Who is going to work at Ford Motor Company’s parts warehouses if the United Auto Workers union goes on strike? If you are currently reading this post in an office in Dearborn on your Ford-issued laptop, which you secretly use to talk shit about Chevrolet in The Autopian’s comments, I have exciting news: you are!
Welcome to Friday, Autopians. The majority of the crew is still at Pebble Beach, sipping champagne and stuffing hors d’oeuvres into their blazer pockets while hearing about how the average Infiniti owner is on an upward arc.
I, however, am here and will deliver unto you the news. We have the latest on the UAW’s ongoing negotiations, plus some EV-related stories out of China and New York City. Let’s hit it.
Ford May Turn To White-Collar Employees To Make The Cars If The UAW Strikes
The UAW’s clearly not messing around when it comes to its various labor demands with the Big Three automakers. Those include wage increases, guarantees for jobs in the electric future and ending Great Recession-era concessions around pensions and more. One analyst we cited earlier this week put the strike odds at 50-50, but I think they’re higher than that.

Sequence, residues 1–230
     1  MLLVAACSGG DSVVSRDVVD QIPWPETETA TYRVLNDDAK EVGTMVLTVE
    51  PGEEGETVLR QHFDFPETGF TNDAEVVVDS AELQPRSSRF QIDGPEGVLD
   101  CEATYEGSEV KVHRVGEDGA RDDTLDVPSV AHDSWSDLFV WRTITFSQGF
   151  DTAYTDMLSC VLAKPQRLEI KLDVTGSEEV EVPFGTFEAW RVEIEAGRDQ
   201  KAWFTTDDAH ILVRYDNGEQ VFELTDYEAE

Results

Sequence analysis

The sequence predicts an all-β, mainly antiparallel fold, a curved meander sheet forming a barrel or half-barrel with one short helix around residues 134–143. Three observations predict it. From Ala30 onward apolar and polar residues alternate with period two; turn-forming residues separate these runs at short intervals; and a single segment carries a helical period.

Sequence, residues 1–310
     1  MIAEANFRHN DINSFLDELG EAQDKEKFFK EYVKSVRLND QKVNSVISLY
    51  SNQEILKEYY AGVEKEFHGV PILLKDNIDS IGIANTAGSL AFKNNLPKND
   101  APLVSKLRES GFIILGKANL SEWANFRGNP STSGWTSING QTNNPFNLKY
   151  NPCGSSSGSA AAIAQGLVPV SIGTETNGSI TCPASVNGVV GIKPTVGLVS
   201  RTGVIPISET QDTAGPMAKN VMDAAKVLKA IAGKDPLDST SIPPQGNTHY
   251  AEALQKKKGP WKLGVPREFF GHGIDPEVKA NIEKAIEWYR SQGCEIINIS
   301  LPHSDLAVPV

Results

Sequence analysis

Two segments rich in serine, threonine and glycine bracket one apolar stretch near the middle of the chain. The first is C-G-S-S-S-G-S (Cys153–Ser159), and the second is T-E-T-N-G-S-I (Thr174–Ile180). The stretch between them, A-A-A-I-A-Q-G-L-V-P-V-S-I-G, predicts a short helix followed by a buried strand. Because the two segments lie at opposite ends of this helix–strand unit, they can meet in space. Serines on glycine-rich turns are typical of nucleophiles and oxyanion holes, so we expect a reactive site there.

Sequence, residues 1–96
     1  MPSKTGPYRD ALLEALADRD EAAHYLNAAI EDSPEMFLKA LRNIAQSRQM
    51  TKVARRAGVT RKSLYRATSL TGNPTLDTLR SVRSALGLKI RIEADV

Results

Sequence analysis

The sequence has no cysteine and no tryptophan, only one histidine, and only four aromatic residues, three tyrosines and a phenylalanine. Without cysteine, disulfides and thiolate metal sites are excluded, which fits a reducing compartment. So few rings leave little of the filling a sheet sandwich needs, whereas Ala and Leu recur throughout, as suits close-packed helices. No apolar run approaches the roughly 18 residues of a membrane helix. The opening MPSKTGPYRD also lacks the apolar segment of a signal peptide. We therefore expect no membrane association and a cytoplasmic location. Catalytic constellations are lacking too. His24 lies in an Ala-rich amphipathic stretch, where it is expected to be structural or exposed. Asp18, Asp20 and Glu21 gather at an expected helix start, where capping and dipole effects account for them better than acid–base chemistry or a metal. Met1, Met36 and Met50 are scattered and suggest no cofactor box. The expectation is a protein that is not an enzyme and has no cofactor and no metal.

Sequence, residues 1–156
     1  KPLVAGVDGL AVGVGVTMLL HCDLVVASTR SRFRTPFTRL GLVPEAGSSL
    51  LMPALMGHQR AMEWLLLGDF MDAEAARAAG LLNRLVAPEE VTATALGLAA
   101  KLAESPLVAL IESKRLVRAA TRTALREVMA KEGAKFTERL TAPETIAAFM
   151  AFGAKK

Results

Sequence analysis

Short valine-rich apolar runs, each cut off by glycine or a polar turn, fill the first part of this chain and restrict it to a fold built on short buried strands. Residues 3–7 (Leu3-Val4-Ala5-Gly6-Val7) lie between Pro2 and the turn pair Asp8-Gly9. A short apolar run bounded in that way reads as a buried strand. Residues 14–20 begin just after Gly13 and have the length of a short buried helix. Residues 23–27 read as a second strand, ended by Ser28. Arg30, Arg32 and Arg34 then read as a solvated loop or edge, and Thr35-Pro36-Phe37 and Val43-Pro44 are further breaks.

If a strike happens, Ford’s got a plan to avoid the interruption of parts to car dealers, the Detroit Free Press reports: train up engineers and other white-collar salaried workers to fill in by driving forklifts and doing other tasks usually assigned to blue-collar workers.
Over the past month, Ford has held meetings with salaried workers, including engineers, to explain that the company wants to protect the flow of parts to car dealers in support of customers. This means Ford is planning to take actions that include sending white-collar workers into parts warehouses to run forklifts, according to meeting attendees.
If operations are disrupted and factory production is shut down, Ford is planning to deploy salaried workers to 20 sites in 15 states with Ford parts depots.
The automaker asked salaried workers to complete online surveys to rank their top three preferred sites in California, Oregon, Colorado, Connecticut, Florida, Georgia, Indiana, Kansas, Michigan, New Jersey, North Carolina, Tennessee, Texas, Virginia and Wisconsin, based on an audio recording made by a person attending one of the meetings and additional documentation obtained by the Free Press.
“We are working hard to reach a new deal. But, like we do for any scenario where customer service could be interrupted, we need to plan for the possibility of a UAW strike. Our customers and dealers are counting on us to ship parts so we can keep Ford vehicles on the road,” a Ford manager said on the recording, who also told those in attendance that a script had been provided by labor affairs.